Scientists are always pressed for time; still, Raphael Didham of the University Western Australia was surprised when he fell upon a group of early career scientists using a spreadsheet formula to calculate whether one was obligated to accept an invitation to review a paper, based on how many manuscripts he’d submitted for review. “I recall that sharp moment of clarity that you sometimes get when you look up from the keyboard and realise the world you (thought you) knew had changed forever,” Didham and his colleagues write in a recent editorial in Insect Conservation and Diversity. We spoke with Didham about how to convince scientists that peer reviewing is a benefit to their careers, not a burden.
Retraction Watch: You talk about the current problem of “zero-sum” reviewing. Could you define that in the context of the scientific peer review system?
Raphael Didham: Peer review is one of the gold standards for evaluating the quality and rigor of research prior to publication in a scientific journal. Most ‘peers’ in the peer review process are other scientists in the same academic field, who by and large carry out this work on a voluntary basis. The motivation for doing this varies among individuals, but for most people it is a balance between the ‘peer esteem’ in being invited to be an expert reviewer, and the ‘obligation’ felt in repaying a perceived debt owed to the peer review system because their own scientific papers have benefited from the receipt of anonymous reviews. It is perhaps only natural that voluntary commitments such as this are the first to be dropped as the demands on scientists’ time continue to intensify in academia. Certainly, the increasing difficulty we have in finding willing reviewers is a common point of discussion among journal editors. My perception from speaking to many scientists is that they would like to accept more peer review invitations if they had more time, and many struggle with finding an objective mechanism to justify turning down reviewer invitations while still meeting their perceived obligations. This is where ‘zero-sum’ reviewing comes in.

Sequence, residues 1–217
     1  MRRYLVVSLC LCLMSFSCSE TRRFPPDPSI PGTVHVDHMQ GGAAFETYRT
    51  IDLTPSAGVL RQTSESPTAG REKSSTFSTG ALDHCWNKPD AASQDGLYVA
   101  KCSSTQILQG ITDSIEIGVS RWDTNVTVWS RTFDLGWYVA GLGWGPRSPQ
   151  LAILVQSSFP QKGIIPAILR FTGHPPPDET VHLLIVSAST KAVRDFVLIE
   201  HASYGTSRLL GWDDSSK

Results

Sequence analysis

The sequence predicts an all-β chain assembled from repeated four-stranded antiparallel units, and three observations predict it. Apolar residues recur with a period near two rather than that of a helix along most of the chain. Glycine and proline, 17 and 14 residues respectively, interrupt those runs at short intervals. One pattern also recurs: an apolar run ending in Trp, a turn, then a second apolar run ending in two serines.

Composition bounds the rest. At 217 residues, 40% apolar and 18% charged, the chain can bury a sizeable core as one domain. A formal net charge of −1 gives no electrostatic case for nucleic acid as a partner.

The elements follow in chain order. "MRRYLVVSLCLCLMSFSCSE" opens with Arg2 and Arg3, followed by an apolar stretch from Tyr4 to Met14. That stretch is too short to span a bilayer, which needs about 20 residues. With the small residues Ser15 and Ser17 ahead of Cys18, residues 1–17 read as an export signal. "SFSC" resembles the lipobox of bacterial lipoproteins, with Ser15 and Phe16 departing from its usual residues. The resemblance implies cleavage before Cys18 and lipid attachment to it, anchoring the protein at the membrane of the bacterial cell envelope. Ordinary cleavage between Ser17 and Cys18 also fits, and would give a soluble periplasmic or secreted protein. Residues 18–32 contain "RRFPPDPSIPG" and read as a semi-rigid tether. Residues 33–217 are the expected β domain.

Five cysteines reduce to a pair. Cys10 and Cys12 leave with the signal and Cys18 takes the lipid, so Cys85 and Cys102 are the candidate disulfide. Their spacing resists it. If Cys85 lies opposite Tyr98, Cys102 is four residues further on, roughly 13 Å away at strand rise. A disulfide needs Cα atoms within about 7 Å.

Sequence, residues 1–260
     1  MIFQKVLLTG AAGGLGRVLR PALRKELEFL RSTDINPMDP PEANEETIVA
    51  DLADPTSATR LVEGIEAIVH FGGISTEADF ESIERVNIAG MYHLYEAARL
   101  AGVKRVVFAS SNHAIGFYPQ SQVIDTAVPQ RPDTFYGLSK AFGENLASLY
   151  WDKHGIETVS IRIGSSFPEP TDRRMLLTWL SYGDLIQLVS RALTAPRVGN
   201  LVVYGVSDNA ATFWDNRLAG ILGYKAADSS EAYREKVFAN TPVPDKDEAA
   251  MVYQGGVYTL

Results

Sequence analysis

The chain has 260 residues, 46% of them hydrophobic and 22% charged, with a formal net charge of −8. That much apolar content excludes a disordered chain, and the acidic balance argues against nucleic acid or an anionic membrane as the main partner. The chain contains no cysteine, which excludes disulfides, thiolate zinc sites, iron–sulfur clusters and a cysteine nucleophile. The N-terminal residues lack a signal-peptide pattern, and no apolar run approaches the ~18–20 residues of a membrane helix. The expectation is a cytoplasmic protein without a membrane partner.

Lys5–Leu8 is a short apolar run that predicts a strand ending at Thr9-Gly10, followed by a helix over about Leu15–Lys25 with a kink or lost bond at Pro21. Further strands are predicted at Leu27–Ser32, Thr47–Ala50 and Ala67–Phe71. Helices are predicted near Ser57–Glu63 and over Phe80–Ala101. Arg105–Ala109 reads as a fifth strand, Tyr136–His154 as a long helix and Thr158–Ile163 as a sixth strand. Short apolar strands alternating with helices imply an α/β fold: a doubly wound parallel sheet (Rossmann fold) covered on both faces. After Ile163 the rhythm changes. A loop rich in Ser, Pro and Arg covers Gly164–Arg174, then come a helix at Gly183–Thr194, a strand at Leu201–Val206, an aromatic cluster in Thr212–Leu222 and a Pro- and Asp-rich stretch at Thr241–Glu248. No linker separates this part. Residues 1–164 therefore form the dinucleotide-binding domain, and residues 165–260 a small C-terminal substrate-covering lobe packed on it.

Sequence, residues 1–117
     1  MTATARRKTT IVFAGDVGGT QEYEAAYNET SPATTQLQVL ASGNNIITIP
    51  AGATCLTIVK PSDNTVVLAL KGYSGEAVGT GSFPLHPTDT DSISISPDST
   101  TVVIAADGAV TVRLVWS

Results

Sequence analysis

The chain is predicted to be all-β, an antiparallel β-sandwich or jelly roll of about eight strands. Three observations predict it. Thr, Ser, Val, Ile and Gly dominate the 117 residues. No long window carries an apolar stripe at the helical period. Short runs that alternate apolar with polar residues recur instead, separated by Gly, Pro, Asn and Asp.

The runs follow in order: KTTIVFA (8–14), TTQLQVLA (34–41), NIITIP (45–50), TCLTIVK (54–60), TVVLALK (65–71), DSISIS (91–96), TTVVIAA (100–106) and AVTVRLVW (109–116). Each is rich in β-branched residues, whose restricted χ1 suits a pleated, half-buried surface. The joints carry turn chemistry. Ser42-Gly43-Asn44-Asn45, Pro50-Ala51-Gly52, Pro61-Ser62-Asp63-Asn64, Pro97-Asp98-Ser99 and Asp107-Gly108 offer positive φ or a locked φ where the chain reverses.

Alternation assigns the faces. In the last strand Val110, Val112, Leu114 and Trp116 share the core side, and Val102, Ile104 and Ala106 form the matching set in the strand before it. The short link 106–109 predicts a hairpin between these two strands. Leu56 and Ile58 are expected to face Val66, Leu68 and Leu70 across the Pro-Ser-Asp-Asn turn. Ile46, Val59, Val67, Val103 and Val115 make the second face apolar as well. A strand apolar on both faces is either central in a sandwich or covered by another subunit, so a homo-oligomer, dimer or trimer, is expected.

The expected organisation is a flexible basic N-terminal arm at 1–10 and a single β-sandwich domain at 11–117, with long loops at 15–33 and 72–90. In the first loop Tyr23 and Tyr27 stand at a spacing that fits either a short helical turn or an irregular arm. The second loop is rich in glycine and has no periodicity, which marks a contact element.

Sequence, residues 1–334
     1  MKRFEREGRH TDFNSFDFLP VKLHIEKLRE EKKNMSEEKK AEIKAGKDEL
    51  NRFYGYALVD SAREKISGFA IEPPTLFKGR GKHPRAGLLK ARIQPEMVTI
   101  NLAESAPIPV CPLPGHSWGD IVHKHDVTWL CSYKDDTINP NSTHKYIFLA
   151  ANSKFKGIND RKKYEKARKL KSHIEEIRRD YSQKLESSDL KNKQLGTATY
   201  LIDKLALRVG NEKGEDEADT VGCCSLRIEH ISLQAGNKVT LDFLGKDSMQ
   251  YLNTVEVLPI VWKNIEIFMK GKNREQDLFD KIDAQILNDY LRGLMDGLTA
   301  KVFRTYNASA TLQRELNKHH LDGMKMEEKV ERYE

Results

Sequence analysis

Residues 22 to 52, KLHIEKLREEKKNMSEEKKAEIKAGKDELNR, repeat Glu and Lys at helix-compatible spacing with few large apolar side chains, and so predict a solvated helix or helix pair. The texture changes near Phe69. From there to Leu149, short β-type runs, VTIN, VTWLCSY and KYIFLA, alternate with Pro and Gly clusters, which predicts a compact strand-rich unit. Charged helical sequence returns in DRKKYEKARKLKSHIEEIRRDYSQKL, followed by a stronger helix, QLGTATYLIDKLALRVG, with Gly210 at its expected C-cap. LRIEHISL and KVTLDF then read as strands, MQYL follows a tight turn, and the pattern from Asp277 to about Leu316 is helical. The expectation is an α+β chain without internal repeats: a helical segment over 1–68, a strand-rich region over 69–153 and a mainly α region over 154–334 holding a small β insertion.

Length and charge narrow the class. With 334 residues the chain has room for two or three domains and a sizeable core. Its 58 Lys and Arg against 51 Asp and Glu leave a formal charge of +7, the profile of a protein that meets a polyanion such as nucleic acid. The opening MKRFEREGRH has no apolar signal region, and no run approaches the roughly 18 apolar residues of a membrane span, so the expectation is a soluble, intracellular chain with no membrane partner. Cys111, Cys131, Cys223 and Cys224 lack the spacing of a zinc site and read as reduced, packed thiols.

Many scientists are inherently ‘analytical’ people, and naturally gravitate towards accountable metrics of performance. In a zero-sum game, researchers could quantify the minimum effort required to resolve the ‘reviewer debt’ owed when they publish one of their own papers, simply by calculating the number of reviews received per paper (k) divided by the number of coauthors per paper (n). This simple formula, Sk/n, seems disarmingly ‘objective’ and superficially ‘fair’ in apportioning obligation – but actually holds a number of inherent biases that are having an unduly negative effect on reviewer willingness to review.
RW: Why is “zero-sum” reviewing such a problem in science publishing today?